In Ada95, the Unbounded_String type is often more flexible than the String type because it is automatically resized as necessary. However, don’t store especially sensitive secret values such as passwords or secret keys in an Unbounded_String, since core dumps and page areas might still hold them later. Instead, use the String type for this data, lock it into memory while it’s used, and overwrite the data as soon as possible with some constant value such as (others => ' '). Use the Ada pragma Inspection_Point on the object holding the secret after erasing the memory. That way, you can be certain that the object containing the secret will really be erased (and that the the overwriting won’t be optimized away).
Like many other languages, Ada’s string types (including String and Unbounded_String) can hold ASCII 0. If that’s then passed to a C library (including a kernel), that can be interpreted very differently by the library than the caller intended.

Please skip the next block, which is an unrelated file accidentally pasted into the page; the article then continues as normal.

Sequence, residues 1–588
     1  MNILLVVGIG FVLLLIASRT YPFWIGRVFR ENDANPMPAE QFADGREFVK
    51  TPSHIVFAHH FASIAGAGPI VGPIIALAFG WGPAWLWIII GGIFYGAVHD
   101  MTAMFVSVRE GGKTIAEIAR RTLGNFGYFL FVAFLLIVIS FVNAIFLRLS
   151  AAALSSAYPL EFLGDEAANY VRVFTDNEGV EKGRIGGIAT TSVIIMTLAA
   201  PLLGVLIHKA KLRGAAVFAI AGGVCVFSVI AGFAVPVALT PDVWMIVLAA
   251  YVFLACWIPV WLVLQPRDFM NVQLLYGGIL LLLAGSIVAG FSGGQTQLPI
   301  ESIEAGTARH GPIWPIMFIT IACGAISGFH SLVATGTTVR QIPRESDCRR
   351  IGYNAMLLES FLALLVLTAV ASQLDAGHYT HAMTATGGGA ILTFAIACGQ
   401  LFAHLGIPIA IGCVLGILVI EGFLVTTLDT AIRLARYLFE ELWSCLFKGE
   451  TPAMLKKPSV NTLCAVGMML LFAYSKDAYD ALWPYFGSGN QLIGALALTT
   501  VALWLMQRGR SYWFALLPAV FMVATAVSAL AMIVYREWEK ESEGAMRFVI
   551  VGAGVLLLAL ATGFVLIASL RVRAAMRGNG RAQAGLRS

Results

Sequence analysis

It’s common for beginning Ada programmers to believe that the String type’s first index value is always 1, but this isn’t true if the string is sliced. Avoid this error.
It’s worth noting that SPARK is a “high-integrity subset of the Ada programming language”; SPARK users use a tool called the “SPARK Examiner” to check conformance to SPARK rules, including flow analysis, and there are various supports for full formal proof of the code if desired. See the SPARK website for more information. To my knowledge, there are no OSS/FS SPARK tools. If you’re storing passwords and private keys you should still lock them into memory if appropriate and overwrite them as soon as possible. Note that SPARK is often used in environments where paging does not occur.